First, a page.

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Women in Entomology
Jessica Linton

Today’s Women in Entomology Q&A features Jessica Linton, a terrestrial and wetland biologist with Natural Resource Solutions Inc.


Q: What are you studying or working on right now?

JL: I am the founder and coordinator of the Ontario Butterfly Species at Risk Recovery and Implementation Team, so a large proportion of my time right now is focused on developing and implementing recovery activities for butterfly species at risk in Ontario. This includes coordinating things like finding and applying for funding, permitting,  working with researchers to develop specific research projects, working with land managers to inform habitat restoration and management, and conducting field work. I am currently coordinating the proposed reintroduction of an endangered butterfly (Mottled Duskywing) to Pinery Provincial Park.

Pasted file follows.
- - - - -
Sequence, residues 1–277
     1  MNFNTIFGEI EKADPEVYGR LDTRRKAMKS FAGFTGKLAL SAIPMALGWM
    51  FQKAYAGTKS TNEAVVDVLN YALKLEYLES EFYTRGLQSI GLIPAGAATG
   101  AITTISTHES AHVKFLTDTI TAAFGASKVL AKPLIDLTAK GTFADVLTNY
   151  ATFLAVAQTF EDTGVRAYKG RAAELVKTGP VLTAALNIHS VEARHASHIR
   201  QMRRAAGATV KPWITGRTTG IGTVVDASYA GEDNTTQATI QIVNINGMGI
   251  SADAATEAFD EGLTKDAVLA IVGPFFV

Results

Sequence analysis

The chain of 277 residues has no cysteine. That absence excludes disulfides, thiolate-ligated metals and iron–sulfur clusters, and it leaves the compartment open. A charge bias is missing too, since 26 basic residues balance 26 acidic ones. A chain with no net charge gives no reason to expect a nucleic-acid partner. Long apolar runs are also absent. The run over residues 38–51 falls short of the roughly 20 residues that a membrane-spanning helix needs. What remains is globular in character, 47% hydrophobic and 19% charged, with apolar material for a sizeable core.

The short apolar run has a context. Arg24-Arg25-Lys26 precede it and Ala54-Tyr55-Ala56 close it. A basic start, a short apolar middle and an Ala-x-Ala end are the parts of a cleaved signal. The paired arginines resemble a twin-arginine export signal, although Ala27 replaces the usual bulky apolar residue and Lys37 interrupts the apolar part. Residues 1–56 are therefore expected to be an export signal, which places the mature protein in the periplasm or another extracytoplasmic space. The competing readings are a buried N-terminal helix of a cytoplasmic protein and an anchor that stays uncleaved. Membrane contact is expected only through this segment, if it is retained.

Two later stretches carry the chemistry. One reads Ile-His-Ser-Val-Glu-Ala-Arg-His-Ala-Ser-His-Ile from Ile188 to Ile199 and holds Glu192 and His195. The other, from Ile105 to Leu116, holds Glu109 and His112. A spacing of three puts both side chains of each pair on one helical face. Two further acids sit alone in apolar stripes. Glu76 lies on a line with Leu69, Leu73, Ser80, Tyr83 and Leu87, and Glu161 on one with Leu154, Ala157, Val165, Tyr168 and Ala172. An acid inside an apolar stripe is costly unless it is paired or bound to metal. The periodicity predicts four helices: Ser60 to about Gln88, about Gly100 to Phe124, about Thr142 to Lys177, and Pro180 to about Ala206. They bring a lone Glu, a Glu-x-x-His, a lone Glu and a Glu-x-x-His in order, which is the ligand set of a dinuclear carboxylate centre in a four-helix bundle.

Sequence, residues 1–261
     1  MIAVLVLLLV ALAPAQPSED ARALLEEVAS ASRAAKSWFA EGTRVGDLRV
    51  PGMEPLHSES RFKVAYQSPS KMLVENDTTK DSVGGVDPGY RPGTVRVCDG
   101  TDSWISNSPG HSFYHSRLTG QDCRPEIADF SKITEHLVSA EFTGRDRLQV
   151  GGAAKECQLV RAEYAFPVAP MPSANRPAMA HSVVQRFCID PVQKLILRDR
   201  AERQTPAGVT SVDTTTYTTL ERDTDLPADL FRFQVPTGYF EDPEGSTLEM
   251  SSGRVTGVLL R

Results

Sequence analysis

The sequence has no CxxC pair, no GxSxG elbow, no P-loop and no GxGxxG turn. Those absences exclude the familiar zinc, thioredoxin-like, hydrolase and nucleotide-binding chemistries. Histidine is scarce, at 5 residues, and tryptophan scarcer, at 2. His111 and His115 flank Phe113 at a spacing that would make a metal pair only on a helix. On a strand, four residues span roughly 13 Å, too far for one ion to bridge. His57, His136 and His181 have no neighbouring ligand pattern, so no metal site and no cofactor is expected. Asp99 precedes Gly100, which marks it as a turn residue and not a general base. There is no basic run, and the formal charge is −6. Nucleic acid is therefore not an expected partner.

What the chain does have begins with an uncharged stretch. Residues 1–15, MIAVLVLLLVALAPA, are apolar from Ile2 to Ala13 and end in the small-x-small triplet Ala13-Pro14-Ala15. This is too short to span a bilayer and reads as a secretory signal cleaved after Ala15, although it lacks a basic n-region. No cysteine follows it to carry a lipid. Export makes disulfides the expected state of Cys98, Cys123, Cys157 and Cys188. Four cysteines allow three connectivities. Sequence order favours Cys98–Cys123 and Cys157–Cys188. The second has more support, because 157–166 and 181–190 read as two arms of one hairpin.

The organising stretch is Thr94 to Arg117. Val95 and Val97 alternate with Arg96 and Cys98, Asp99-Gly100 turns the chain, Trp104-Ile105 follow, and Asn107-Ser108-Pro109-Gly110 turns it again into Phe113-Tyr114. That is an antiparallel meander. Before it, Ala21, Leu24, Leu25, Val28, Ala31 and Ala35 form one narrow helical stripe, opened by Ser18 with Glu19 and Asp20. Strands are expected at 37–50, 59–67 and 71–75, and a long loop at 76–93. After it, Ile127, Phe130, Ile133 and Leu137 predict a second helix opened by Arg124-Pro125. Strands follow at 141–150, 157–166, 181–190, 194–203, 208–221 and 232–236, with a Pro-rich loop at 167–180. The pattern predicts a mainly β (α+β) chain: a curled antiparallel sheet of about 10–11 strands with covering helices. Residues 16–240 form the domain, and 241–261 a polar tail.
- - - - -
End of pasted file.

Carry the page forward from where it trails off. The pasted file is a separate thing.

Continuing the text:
Q: What led you to your specific field of study or work?

JL: Since childhood, I have always been fascinated by butterfly biology and ecology. A job as an interpreter at the Cambridge Butterfly Conservatory and two undergraduate co-op terms in Costa Rica at a butterfly education centre solidified my career direction for me.

Q: When did you first become interested in science and entomology?

JL: It’s been in my blood for as long as I can remember! I spent a lot of my days as a kid just being outside.

Q: What do you enjoy most about your research or work?

JL: I enjoy the flexibility and diversity that working as a consultant in the private sector affords. I bid on many contracts related to species at risk assessment and recovery planning, and work with academic collaborators on research and monitoring projects.

Q: What are your interests outside of academic life or work?

JL: Butterflies definitely cross over to my personal interests, and I enjoy observing and photographing them in the field. My children and I enjoy spending time outdoors, hiking, etc.

Q: What are your future plans or goals?